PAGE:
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How to Enter Teaching Through an Alternate Route Program

How to Enter Teaching Through an Alternate Route Program

Entering teaching through an Alternate Route Program to make a career change from a business career to teaching has increased in popularity. If you are looking to revitalize your career, taking action steps will get you closer to your goals.

More people wish to transition from a business career to teaching for different reasons. For many, it is because they believe it would be rewarding and the career they have always wanted. Asking yourself thought-provoking questions about why you are making a career change to teaching will be helpful.

After finishing up the Alternate Route Certification Program to become a teacher, you might be overwhelmed at the prospect of finding a teaching job. As a career changer moving from a business career to education, you step into a whole new career world. You may have a bit of experience motivating or training colleagues in various job responsibilities or no teaching or training experience. So how are you to become a teacher with your unrelated professional experience?

Many job seekers in this situation overtly play down their prior work experience, hoping to focus the prospective employer solely on the small amount of volunteer, training, teaching, or classroom experience they have gained through student teaching or practicum work. This is a big mistake!

Even though you may think your past work history has nothing to do with teaching, it actually can do wonders for getting the attention of employers. It all lies in your transferable skills. Many jobs outside of education use similar skills and even similar responsibilities necessary to thrive in a classroom and maximize academic and social student success.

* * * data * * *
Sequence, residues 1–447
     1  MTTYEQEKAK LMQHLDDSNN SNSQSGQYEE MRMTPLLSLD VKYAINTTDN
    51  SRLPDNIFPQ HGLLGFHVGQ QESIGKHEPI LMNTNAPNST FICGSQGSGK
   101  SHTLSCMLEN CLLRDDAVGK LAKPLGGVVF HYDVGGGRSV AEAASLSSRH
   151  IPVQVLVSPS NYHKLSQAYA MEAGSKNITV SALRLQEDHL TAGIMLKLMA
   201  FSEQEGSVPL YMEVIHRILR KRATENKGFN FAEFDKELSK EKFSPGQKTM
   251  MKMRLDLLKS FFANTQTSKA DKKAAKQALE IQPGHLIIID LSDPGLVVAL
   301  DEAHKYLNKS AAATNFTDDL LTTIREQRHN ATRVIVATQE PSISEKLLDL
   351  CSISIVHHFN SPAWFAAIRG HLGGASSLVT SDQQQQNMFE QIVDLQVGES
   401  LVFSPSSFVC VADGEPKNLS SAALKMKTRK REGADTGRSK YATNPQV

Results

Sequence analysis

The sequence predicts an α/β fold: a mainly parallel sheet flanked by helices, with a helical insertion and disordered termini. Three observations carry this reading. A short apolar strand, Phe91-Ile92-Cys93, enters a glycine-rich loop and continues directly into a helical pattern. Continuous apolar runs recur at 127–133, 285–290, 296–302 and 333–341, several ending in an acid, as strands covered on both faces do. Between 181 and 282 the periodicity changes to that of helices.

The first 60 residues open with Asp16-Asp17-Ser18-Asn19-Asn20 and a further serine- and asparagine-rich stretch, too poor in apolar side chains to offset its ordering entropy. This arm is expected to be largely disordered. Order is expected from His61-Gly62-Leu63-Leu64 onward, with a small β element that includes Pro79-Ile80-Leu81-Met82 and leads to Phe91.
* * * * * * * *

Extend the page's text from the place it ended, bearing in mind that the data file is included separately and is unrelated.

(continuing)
What you should do first when getting ready to create your teacher resume is to identify those transferable skills between your former career and that of teaching. For instance, if you have spearheaded training programs or volunteered in an adult literacy program for non-English speakers, you can highlight these skills on your resume, as they indicate your teaching abilities. Any presentations you’ve made, programs you’ve organized, training or mentoring of employees, or volunteer work like organizing Sunday school can be a major asset to your teaching career. And, because of this, principals will want to know about them.

Second, you should lead off the resume with a strong, education-focused profile that details the strengths and unique value you bring to the classroom. Be sure to use thoughtful keywords to demonstrate your understanding of teacher-terminology, terms such as ‘cooperative learning’ or ‘cognitive development’ to describe your classroom style or objectives.

Third, use your teacher cover letter to give your prospective reader some insight into why you elected to shift gears in your career with a transition into teaching. Seize the opportunity to discuss your talents and strengths, enthusiasm and excitement, and your willingness to dig deep and do whatever it takes to make your dream of teaching a reality. It is essential to convey your passion for your new teaching career; the school hiring representatives need to realize your application isn’t something you decided to do without much thought. Passionately communicate teaching is something you are dedicated to doing for the rest of your career.

If you follow these guidelines, you will undoubtedly showcase the added value you will bring to a classroom as a career changer.

A+ Resumes for Teachers has helped many clients from various professions and industries by writing resumes and cover letters to enter the education field via the Alternate Route Program. If you need assistance conveying the desire and passion you feel as you enter the exciting and rewarding area of education, click here to learn how Candace can help.

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